- Dangers of crises and effective intervention Dangers posed by crisis to the individual, the counsellor, and those around them. Determining effective modes of intervention.
- Developmental Crises Recognising and comprehending crises from a developmental perspective.
- Post-traumatic stress disorder Symptoms, treatment options and possible outcomes of post-traumatic stress disorder.
- Violence and sexual assault Effects of violence and sexual assault on the individual, and possible modes of intervention.
- Crisis and drug addiction Determining the relationship between crises and drug dependence.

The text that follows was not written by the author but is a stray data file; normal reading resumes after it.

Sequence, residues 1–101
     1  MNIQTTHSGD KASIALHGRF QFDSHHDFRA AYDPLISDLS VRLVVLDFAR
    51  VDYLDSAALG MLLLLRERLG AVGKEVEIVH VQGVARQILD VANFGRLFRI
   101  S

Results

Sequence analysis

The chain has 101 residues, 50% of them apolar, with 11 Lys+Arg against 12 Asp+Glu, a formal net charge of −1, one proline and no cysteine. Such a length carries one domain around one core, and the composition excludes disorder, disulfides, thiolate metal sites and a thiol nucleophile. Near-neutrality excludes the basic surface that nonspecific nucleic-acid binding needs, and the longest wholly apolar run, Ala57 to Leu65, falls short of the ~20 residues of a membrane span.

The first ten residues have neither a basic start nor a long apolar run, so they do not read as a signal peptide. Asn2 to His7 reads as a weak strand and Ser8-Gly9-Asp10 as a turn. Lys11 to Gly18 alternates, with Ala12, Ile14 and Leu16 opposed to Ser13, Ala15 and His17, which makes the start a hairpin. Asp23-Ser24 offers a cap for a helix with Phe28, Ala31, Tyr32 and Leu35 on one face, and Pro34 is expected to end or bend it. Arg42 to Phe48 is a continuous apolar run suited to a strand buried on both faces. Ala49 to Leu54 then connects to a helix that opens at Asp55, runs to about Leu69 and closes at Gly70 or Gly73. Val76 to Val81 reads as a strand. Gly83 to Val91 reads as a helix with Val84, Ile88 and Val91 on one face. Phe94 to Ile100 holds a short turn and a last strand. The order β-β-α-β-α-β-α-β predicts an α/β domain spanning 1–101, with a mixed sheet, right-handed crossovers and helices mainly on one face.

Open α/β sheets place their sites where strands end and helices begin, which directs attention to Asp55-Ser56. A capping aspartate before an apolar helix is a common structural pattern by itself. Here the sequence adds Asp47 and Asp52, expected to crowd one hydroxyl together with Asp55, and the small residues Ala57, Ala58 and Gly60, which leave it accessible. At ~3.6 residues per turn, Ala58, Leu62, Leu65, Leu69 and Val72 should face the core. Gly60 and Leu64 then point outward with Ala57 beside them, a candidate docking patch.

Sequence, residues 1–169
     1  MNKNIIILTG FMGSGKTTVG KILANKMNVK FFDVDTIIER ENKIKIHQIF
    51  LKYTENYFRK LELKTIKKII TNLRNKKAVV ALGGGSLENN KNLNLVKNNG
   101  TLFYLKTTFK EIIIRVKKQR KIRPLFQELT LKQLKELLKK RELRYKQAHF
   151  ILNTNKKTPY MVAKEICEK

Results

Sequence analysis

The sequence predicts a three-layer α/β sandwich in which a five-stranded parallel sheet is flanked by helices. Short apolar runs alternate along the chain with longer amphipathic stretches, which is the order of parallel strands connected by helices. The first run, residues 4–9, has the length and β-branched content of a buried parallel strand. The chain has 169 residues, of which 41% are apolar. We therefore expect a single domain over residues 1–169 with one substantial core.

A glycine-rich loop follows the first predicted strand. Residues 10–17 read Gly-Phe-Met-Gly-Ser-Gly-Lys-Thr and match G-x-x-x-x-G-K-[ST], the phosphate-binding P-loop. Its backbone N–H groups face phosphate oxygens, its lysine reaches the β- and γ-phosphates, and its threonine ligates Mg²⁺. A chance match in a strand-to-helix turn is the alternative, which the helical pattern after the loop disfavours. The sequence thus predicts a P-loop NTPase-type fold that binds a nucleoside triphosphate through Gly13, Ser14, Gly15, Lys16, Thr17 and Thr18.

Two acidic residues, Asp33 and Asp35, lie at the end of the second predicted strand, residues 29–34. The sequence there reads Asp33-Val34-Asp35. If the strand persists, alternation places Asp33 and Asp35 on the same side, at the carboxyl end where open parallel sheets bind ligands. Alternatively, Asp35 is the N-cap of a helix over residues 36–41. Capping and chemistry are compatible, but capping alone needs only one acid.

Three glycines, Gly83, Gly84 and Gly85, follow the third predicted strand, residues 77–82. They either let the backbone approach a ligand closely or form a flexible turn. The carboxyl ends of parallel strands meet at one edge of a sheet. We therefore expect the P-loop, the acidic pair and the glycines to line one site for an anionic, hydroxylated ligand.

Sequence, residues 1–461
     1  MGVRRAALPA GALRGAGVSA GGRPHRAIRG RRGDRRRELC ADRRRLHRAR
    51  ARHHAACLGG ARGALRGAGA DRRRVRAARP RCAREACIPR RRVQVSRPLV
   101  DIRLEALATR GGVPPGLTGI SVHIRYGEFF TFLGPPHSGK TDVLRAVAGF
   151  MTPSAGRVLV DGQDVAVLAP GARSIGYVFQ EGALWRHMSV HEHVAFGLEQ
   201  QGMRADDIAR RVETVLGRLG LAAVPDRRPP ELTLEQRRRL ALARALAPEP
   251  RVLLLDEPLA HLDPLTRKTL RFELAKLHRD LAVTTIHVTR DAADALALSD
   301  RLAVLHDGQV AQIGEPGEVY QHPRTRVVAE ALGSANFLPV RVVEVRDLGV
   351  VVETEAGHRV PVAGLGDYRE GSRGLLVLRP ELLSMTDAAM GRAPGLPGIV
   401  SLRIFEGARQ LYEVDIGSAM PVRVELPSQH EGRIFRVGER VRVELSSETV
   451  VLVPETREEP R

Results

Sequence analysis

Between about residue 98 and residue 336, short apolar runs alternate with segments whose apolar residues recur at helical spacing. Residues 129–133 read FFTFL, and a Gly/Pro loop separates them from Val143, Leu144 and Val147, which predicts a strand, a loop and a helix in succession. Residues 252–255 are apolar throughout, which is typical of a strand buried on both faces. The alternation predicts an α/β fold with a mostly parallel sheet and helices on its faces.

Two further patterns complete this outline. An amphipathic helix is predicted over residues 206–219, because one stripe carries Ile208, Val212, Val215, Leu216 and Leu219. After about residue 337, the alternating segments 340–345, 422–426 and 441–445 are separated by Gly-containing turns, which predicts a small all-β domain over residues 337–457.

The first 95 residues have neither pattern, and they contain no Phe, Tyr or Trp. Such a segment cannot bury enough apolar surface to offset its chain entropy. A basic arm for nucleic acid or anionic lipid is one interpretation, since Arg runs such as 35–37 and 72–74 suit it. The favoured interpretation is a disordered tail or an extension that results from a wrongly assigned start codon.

- Family crises Major issues raises in family crises and appropriate methods of intervention.
- Crises and cultural issues Cultural influences on crisis situations.
Each lesson culminates in an assignment which is submitted to the school, marked by the school’s tutors and returned to you with any relevant suggestions, comments, and if necessary, extra reading.
- Determine what characterises a crisis and talk about crisis intervention techniques
- The ethical, professional, and legal ramifications of crisis intervention today are discussed.
- During crisis intervention, discuss the risks that crises offer to the client, the counsellor, and those nearby in order to choose the best modes of intervention.
- Determine and clarify crises that are developing from a developmental standpoint.